Given the above circumstance and after due consideration of the consequences, you still feel good about your decision, it is likely the best course of action. If there is any doubt then you may do well to wait on the LORD. Remember, whatsoever is not of faith is sin. It might not be time to take action yet or you might lack some critical information necessary to make a wise decision as to what action, if any, should be taken. Making a good decision may not feel good at the moment but will eventually result in good consequences and good feelings, in other words, what is best for all.

Authors note: The above is much easier for me to say than to do! ;-)

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Blogger nathaniel adam king said...

I don't really know how to respond...give me sometime to sleep on it.

10/09/2005 10:10:00 PM  
Blogger Zeke said...

It may be surprising to realize that a vast majority of our feelings are based on events that have not and may never occur or on some specific knowledge we have that cannot be known.

To paraphrase Mark Twain: I have known a great many troubles over my life, most of which never happened.

10/10/2005 07:39:00 AM  
Blogger Kris said...

"Alternately some of our biggest blessings go unclaimed when we fail to accept that our desires are important to God and we then reject His providence because of a fear it might be selfish."

kc,I quoted your sentence above.
This is the statement of the century that slaps most fundamental and evangelical teachings in the face. I place most of my thinking right in line with both camps.
I tell you this is very hard for me to accept. I do believe its true though. At the core in the thinking that asking for things for ourselves from God is selfish is that dreaded word P R I D E.
I want to think it is humility or piety or denying myself, but its nothing but pride in thinking I don't want to tell the Creator of the Universe who IS love that I could do without your blessing on this or that. I am trying to find something to boast about and tell God how He doesn't have to do as much for me as He does for others.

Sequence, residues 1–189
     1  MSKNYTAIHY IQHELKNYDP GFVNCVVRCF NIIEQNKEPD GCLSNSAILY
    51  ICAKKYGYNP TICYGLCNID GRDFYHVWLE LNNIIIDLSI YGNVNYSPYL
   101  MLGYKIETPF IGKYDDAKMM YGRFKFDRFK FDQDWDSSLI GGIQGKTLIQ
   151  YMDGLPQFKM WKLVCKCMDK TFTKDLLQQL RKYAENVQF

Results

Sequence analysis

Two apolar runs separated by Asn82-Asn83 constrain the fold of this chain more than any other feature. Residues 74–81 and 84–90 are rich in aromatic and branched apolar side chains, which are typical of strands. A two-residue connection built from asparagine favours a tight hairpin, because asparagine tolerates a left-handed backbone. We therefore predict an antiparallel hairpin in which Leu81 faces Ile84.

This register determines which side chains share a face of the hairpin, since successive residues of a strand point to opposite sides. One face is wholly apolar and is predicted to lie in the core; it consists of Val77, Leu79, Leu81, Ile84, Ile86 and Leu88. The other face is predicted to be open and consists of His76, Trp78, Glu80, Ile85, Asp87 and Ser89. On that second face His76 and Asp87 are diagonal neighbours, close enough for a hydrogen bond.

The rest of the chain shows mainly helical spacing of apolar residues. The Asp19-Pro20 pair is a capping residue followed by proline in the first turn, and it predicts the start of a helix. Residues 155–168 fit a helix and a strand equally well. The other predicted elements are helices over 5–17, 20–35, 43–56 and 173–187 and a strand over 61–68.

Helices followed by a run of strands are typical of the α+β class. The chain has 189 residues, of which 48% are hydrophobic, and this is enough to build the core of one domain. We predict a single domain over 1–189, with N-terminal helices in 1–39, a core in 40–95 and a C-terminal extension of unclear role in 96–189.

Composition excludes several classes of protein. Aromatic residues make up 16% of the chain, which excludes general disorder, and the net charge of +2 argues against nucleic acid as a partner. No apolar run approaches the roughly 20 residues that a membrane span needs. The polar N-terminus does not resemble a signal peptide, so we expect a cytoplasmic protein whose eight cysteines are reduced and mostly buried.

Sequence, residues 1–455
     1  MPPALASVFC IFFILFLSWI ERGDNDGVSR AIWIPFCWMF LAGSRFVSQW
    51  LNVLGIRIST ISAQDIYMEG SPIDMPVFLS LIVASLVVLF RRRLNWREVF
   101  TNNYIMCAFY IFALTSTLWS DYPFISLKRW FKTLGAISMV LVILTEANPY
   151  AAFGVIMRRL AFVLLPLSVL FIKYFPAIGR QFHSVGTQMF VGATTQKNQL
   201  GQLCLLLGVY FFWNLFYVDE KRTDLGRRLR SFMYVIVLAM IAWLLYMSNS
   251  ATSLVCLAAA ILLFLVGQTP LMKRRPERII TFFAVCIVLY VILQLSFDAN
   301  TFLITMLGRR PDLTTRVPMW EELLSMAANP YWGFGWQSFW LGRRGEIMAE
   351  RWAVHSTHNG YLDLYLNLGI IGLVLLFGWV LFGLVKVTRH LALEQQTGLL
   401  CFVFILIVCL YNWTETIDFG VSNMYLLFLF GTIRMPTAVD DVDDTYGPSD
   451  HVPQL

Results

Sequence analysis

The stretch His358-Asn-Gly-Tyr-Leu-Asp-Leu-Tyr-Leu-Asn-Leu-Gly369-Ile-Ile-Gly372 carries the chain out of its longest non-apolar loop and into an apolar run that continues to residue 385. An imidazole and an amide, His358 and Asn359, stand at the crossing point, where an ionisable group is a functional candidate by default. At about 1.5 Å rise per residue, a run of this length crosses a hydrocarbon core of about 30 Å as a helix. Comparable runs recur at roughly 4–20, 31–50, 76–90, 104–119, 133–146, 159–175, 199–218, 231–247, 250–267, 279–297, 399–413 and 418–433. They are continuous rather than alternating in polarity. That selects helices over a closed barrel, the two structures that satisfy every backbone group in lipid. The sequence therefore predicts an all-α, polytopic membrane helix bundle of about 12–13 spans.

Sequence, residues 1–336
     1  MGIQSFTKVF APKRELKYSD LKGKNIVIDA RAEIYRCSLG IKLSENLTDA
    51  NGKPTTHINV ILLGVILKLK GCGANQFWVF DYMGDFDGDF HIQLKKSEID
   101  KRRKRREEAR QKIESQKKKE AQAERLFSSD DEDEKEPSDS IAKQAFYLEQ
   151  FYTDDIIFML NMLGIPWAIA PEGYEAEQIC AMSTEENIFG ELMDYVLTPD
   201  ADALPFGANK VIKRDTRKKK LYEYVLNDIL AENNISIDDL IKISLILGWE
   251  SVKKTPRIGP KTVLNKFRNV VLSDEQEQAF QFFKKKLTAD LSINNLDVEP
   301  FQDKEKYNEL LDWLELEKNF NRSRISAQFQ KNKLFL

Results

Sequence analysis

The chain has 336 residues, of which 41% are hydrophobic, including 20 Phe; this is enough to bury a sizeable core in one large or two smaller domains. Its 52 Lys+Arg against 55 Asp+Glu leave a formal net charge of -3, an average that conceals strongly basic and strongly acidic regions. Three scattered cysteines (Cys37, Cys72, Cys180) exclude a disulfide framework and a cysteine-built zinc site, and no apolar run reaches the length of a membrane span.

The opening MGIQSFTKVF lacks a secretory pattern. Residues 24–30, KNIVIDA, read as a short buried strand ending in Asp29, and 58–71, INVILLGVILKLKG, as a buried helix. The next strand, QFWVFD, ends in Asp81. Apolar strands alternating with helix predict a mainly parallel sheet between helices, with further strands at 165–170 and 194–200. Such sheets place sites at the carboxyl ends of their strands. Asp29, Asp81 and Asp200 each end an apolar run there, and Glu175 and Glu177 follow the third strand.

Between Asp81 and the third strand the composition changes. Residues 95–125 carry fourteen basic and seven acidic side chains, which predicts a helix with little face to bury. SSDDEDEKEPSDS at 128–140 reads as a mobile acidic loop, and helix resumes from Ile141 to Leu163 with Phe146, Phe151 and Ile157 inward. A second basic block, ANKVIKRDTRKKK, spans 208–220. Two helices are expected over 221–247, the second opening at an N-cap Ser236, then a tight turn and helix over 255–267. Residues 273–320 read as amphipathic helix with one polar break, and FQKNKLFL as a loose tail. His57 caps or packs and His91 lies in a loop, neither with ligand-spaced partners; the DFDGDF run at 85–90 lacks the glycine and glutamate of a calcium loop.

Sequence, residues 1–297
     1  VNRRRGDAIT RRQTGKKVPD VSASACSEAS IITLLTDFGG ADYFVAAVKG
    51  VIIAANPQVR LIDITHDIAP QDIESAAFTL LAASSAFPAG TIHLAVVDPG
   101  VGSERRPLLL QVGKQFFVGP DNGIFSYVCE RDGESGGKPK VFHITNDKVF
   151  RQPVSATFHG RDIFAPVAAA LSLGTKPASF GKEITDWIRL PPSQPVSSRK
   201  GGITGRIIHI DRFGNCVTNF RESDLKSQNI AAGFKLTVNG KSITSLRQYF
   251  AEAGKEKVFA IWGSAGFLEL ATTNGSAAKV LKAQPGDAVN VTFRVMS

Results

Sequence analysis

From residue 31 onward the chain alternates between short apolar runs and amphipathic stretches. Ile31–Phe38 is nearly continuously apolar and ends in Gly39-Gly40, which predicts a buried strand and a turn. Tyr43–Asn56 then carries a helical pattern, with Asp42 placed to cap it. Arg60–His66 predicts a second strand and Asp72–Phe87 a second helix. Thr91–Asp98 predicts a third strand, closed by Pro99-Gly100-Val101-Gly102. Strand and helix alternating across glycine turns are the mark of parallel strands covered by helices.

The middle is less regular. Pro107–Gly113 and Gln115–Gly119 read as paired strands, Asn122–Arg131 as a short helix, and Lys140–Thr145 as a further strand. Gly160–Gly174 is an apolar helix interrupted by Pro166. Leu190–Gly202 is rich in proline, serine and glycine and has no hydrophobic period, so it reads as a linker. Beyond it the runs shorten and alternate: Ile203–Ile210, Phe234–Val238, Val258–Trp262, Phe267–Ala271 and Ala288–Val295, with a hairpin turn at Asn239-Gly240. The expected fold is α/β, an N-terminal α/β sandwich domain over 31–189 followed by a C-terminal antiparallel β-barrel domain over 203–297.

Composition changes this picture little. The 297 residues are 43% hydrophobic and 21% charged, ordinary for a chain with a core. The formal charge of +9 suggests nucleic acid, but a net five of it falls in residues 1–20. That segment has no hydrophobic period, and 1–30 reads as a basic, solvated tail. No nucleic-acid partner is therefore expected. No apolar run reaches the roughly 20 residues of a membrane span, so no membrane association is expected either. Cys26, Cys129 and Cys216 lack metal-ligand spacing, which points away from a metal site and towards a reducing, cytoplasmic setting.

Wow this is hard stuff to swallow......really hard.

10/11/2005 02:05:00 PM  
Blogger nathaniel adam king said...

My friend, logic has never failed me. I have been fooled by fallacious reasoning, but it is not the reasoning that was wrong, it was my misunderstanding of it. But, I have been fooled continuously by my own feelings.

Do I like her? I love her. I hate her now. How could I feel so strongly in love with one person and yet it be so wrong? Because my feelings deceived me.

So, I fall back on my reasoning. I distrust my feelings. I am somewhat like Descartes. He rejected all senses based upon being routinely deceived by said senses. I reject all feelings based upon routinely being deceived by said senses.

I recognize though that just as God tells me to love Him with all my mind, I am likewise to love Him with all my heart...that is harder.

I don't want to love God right now, I want to go sleep...

What I am trying to say is that I somewhat agree with you. I SHOULD place more emphasis on my feelings. But you have to recognize as well that although I do believe more emphasis should be placed upon feelings, I never would say that they are of equal status with that of reasoning. If it feels right and yet all reasoning screams that it is wrong...it is wrong.

10/12/2005 04:53:00 AM  
Blogger Kc said...

Zeke, Samuel is one of my fav philosophers. ;-)

Kris excellent point. If we can realize that pride is at the root of our rejection it will make it much easier to accept.

Adam it may be hard to accept but that makes you a prime target for manipulation. I offered a post admonishing believers to abstain from manipulation. I will prepare another post soon that explains how to avoid being a target.

10/12/2005 05:57:00 AM  
Blogger Joe said...

Oh, this is so good!

There are some friends of mine who need so much to hear this!

10/12/2005 09:44:00 AM  
Blogger Kc said...

Joe thanks again. I think I need to hear it now again myself. :-o

10/12/2005 07:10:00 PM  
Blogger Nunzia said...

love the disclaimer at the end!

10/24/2005 01:31:00 PM